Tax-subsidized insurance is paying for buildings built illegally in flood zones.
It’s a simple rule, designed to protect both homeowners and taxpayers: If you want publicly subsidized flood insurance, you can’t build a home that’s likely to flood.
But local governments around the country, which are responsible for enforcing the rule, have flouted the requirements, accounting for as many as a quarter-million insurance policies in violation, according to data provided to The New York Times by the Federal Emergency Management Agency, which runs the flood insurance program. Those structures accounted for more than $1 billion in flood claims during the past decade, the data show.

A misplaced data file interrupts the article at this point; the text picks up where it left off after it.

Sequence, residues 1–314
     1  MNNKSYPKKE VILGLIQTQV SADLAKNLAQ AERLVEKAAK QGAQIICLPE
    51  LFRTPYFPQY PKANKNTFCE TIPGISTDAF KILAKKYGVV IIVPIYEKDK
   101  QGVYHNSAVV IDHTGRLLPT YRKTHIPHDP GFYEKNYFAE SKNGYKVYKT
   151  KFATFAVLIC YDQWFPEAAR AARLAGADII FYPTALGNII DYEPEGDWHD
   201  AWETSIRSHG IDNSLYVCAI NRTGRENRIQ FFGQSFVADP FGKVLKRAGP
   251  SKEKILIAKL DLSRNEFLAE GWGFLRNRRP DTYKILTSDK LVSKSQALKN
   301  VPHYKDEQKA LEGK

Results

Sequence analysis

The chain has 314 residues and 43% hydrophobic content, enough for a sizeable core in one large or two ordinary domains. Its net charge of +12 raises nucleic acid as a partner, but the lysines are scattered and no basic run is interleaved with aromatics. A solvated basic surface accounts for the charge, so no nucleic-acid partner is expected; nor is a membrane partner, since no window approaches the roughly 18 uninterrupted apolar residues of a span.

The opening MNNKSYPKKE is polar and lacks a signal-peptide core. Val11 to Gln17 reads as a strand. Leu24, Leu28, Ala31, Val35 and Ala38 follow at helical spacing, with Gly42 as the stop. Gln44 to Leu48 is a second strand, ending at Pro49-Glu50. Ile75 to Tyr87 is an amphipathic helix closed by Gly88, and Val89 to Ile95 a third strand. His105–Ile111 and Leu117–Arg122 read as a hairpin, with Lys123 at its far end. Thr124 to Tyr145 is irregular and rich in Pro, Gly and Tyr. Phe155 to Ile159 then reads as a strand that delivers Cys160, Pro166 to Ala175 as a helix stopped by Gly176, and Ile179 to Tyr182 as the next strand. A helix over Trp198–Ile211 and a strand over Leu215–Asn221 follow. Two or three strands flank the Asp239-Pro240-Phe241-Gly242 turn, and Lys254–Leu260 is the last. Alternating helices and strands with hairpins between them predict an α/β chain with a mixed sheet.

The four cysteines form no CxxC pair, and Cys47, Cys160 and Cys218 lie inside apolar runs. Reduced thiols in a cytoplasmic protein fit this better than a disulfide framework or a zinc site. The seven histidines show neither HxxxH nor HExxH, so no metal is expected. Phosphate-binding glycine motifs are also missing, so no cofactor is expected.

That toll is likely to increase as climate change makes flooding more frequent and intense.
Local governments are responsible for enforcing the requirements, but almost none have been penalized for failing to do so. “There’s no negative consequences for violating the rules,” said Rob Moore, a senior policy analyst with the Natural Resources Defense Council.